So, the original version used around 762Mb of RAM whereas the vectorised version used 3041Mb. If you don’t have enough memory then you may find that the vectorised version runs **very** slowly indeed!

**Adding a loop to the vectorised code to make it go even faster!**

Simple vectorisation improvements such as the one above are sometimes so effective that it can lead MATLAB programmers to have a pathological fear of loops. This fear is becoming increasingly unjustified thanks to the steady improvements in MATLAB’s Just In Time (JIT) compiler. Discussing the details of MATLAB’s JIT is beyond the scope of these articles but the practical upshot is that you don’t need to be as frightened of loops as you used to.

In fact, it turns out that once you have finished vectorising your code, you may be able to make it go even faster by putting a loop back in (not necessarily thanks to the JIT though)! The following code takes an average of **3.42 seconds** on my laptop bringing the total **speed-up to a factor of 3.16** compared to the original. The only difference is that I have added a loop over the variable ii to split up the cumprod calculation over groups of 125 at a time.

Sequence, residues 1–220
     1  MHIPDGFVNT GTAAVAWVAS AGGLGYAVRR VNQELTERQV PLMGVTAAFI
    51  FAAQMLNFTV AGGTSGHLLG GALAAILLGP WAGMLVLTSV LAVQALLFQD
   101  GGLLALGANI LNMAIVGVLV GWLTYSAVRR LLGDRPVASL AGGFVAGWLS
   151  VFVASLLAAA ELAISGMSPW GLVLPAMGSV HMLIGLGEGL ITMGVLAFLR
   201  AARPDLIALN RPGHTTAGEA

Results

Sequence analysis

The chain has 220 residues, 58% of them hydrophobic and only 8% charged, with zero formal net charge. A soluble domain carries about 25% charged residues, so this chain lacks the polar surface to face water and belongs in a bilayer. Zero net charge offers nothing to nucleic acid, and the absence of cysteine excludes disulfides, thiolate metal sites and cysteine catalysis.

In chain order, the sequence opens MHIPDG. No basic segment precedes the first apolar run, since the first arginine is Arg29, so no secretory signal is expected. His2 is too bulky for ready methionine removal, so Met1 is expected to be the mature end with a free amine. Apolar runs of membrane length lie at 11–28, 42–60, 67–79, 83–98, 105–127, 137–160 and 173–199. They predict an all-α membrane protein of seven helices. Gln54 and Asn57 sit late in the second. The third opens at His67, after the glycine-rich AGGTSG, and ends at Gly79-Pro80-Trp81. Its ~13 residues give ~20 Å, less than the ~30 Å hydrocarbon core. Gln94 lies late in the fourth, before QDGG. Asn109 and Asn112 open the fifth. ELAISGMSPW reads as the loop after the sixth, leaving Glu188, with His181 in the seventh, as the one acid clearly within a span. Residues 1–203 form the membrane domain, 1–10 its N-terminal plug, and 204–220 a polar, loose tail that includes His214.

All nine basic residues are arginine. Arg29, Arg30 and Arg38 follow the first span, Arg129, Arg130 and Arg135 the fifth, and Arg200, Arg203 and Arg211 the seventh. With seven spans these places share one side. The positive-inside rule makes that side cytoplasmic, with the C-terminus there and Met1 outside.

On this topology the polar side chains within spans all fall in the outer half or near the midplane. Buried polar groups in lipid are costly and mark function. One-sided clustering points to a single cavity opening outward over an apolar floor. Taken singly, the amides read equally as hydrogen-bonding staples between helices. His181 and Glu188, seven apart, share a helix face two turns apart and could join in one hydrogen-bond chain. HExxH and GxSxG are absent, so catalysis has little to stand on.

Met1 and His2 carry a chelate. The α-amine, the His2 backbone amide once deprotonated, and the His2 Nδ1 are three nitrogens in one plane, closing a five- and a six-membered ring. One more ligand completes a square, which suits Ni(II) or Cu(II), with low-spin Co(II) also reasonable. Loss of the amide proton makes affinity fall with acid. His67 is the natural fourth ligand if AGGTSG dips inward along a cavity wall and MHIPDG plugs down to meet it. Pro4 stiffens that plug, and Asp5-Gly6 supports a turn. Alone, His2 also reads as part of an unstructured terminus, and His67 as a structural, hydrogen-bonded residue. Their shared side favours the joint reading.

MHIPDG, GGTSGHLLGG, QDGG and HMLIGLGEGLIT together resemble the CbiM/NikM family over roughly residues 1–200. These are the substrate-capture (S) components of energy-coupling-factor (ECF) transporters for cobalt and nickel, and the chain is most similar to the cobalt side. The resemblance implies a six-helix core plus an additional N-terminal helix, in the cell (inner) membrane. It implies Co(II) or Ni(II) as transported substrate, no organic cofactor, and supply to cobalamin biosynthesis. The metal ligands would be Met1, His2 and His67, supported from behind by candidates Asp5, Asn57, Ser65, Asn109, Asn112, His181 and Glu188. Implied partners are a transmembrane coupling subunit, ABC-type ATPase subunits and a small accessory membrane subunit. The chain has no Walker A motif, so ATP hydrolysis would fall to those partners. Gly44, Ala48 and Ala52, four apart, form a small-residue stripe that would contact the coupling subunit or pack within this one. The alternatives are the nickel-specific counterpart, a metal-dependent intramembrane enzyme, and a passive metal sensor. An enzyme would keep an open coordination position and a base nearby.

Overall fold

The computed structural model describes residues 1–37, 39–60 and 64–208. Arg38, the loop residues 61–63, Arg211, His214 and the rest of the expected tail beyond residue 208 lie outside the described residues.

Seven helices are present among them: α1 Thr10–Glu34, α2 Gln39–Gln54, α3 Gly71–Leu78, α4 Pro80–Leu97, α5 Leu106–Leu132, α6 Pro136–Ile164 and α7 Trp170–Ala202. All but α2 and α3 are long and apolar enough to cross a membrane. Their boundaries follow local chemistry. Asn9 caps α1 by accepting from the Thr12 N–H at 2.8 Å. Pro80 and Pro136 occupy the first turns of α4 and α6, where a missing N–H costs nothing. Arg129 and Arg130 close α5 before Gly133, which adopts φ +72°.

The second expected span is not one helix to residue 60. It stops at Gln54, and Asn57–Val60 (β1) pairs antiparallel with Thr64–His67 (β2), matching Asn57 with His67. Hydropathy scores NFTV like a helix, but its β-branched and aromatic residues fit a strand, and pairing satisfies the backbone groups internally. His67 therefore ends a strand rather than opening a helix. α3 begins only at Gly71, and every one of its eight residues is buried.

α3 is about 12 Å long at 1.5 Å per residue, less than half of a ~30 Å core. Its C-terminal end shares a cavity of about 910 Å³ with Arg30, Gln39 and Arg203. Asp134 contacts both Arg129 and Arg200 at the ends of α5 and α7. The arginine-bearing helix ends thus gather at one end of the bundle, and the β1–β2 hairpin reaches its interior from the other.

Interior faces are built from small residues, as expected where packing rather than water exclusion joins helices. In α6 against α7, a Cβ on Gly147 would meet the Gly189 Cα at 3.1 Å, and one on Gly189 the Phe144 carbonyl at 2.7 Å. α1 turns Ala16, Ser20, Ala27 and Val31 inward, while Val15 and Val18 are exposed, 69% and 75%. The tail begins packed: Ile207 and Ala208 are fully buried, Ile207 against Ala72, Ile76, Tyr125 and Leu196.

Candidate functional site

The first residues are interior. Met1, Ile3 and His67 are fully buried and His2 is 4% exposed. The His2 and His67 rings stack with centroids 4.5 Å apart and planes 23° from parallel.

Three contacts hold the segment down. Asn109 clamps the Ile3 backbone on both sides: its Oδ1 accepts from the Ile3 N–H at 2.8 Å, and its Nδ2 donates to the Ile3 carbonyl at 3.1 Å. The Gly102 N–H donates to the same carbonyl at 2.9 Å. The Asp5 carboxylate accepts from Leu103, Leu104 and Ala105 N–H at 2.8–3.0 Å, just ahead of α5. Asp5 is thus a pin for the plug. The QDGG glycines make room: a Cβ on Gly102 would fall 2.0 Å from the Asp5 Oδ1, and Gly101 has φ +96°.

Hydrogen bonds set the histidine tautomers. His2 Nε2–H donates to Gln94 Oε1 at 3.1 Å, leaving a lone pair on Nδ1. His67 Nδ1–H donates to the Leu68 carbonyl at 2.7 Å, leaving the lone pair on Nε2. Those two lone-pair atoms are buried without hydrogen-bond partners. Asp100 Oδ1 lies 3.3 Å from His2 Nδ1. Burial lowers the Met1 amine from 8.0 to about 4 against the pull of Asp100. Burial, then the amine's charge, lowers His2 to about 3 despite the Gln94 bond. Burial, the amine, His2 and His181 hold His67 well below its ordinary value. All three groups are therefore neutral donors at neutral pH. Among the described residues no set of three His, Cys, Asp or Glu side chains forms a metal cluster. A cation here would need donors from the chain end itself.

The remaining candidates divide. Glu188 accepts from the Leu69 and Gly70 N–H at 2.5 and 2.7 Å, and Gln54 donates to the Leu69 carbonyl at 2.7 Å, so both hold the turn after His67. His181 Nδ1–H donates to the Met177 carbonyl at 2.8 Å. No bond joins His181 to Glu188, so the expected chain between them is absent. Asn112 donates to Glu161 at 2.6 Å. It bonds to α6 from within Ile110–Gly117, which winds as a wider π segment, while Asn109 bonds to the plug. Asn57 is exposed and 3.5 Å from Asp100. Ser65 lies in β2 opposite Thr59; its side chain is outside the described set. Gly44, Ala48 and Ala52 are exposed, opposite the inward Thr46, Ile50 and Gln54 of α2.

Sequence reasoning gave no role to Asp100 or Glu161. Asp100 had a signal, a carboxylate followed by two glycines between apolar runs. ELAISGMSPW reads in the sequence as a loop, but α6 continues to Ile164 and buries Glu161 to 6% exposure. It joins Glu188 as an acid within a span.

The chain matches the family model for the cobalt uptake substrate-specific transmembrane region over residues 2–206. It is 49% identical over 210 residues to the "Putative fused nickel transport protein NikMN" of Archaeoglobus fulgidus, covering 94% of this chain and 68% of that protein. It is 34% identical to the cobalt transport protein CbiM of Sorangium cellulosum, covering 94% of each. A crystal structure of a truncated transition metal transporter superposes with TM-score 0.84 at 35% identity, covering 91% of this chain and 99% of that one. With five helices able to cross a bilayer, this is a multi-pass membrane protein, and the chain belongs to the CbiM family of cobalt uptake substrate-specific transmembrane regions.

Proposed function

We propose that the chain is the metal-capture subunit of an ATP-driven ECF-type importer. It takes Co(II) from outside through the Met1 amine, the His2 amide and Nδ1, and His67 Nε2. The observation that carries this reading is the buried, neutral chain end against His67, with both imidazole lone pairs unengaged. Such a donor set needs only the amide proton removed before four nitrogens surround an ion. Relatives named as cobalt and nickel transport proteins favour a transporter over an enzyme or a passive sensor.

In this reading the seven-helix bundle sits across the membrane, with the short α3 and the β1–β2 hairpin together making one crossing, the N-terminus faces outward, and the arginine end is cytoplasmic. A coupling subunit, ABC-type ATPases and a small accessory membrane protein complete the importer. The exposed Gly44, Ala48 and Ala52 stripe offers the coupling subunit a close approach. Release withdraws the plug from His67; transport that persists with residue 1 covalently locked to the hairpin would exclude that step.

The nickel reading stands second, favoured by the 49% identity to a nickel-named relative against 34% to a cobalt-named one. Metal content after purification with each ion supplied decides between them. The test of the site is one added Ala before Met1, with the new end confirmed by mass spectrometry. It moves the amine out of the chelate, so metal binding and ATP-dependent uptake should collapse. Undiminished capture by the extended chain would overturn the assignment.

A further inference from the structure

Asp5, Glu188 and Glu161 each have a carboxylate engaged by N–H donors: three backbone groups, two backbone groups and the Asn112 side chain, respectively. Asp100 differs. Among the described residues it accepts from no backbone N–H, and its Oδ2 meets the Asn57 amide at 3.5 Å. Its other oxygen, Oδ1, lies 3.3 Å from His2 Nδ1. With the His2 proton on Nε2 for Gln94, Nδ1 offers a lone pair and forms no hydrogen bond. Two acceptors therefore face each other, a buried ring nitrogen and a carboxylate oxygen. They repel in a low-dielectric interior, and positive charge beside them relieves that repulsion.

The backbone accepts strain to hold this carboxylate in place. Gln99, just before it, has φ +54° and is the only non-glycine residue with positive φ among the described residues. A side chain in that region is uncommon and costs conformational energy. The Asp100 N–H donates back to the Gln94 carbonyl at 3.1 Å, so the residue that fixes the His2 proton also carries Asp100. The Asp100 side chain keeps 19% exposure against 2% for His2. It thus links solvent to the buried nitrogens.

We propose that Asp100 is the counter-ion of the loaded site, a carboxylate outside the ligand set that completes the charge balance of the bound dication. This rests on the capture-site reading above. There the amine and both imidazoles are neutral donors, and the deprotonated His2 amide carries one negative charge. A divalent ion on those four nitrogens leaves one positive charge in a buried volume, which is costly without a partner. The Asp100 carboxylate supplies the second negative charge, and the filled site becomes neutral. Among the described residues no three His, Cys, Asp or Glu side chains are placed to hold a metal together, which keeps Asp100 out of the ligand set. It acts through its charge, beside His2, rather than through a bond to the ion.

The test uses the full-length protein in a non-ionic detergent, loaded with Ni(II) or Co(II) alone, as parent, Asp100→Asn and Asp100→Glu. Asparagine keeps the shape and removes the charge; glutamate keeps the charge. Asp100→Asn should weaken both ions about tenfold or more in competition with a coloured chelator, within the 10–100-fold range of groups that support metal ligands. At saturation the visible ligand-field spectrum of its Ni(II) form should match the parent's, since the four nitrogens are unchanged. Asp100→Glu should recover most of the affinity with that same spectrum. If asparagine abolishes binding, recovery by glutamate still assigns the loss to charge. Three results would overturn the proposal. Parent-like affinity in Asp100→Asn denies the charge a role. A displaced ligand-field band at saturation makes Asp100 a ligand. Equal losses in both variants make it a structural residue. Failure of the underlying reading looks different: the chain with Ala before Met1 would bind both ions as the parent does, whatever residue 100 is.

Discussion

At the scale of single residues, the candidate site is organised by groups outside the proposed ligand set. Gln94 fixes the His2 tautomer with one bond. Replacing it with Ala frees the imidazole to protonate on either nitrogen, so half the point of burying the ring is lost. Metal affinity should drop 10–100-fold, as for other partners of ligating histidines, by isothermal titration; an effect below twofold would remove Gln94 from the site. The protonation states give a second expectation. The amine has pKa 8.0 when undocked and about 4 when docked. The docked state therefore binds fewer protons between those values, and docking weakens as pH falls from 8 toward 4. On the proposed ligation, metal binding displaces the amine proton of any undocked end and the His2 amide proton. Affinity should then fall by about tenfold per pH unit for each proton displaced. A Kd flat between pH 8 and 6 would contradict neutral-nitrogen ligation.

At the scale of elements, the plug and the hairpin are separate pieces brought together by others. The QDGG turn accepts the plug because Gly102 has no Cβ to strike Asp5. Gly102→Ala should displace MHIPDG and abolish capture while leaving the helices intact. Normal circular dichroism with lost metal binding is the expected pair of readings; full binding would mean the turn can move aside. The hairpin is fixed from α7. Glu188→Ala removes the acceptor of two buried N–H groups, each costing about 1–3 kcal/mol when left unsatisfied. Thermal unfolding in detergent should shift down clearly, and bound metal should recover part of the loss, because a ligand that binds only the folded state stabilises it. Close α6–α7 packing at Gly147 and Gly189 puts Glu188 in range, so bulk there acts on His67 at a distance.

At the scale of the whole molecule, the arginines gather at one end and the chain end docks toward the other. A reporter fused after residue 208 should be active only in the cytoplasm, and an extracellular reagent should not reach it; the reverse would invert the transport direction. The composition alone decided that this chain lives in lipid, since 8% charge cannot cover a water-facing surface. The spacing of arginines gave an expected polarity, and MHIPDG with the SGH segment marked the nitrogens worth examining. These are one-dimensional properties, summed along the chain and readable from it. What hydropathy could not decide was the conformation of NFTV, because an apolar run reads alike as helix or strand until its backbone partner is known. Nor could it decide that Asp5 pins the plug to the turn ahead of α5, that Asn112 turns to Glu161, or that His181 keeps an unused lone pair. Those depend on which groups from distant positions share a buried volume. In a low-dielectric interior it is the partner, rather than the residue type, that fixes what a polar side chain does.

I have a confession: I have no real idea why this modification causes the code to go noticeably faster. I do know that it uses a lot less memory; using the memory command, as I did above, I determined that it uses around 10Mb compared to 3041Mb of the original vectorised version. You may be wondering why I set sub_size to be 125 since I could have chosen any divisor of 100000. Well, I tried them all and it turned out that 125 was slightly faster than any other on my machine. Maybe we are seeing some sort of CPU cache effect? I just don’t know: optimised_corr2.m

%OPTIMISED_CORR2 - A pure-MATLAB optimised code that simulates two correlated assets %% Correlated asset information CurrentPrice = [78 102]; %Initial Prices of the two stocks Corr = [1 0.4; 0.4 1]; %Correlation Matrix T = 500; %Number of days to simulate = 2years = 500days Div=[0.01 0.01]; %Dividend Vol=[0.2 0.3]; %Volatility %% Market Information r = 0.03; %Risk-free rate %% Simulation parameters n=100000; %Number of simulation sub_size = 125; dt=1/250; %Time step (1year = 250days) %% Define storages SimulPrices=repmat(CurrentPrice,n,1); CorrWiener = zeros(T-1,2,sub_size); %% Generating the paths of stock prices by Geometric Brownian Motion UpperTriangle=chol(Corr); %UpperTriangle Matrix by Cholesky decomposition Volr = repmat(Vol,[T-1,1,sub_size]); Divr = repmat(Div,[T-1,1,sub_size]); for ii = 1:sub_size:n for i=1:sub_size CorrWiener(:,:,i)=randn(T-1,2)*UpperTriangle; end %% do simulation sim = cumprod(exp((r-Divr-Volr.^2./2).*dt+Volr.*sqrt(dt).*CorrWiener)); %get just the final prices SimulPrices(ii:ii+sub_size-1,:) = SimulPrices(ii:ii+sub_size-1,:).*reshape(sim(end,:,:),2,sub_size)'; end %% Plot the distribution of final prices % Comment this section out if doing timings %subplot(1,2,1);hist(SimulPrices(:,1),100); %subplot(1,2,2);hist(SimulPrices(:,2),100);

**Some things that might have worked (but didn’t)**